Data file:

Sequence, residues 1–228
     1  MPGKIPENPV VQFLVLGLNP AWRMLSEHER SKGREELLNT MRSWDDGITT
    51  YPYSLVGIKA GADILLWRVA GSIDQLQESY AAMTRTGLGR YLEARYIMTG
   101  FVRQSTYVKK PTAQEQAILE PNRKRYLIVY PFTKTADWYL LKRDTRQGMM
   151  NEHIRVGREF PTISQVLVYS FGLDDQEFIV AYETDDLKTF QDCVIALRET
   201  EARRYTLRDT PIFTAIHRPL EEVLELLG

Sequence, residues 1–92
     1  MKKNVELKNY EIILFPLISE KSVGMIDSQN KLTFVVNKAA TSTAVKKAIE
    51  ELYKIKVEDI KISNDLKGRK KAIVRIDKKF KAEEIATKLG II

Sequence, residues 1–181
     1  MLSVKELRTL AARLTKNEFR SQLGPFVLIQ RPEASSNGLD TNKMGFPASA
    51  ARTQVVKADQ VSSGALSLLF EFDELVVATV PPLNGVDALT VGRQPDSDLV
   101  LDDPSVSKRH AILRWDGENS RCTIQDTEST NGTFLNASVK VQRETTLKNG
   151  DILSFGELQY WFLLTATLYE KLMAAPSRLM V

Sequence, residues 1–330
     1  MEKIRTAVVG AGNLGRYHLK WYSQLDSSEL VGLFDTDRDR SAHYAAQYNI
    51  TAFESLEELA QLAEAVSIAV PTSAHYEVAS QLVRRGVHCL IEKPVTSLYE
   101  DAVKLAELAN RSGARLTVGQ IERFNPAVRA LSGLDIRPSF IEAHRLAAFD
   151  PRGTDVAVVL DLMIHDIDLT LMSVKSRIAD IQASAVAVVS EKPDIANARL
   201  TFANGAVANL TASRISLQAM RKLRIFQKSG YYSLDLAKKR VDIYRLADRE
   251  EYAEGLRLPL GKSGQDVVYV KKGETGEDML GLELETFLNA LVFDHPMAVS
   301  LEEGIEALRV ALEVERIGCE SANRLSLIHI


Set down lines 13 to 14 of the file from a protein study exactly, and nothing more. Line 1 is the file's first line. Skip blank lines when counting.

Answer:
   101  LDDPSVSKRH AILRWDGENS RCTIQDTEST NGTFLNASVK VQRETTLKNG
   151  DILSFGELQY WFLLTATLYE KLMAAPSRLM V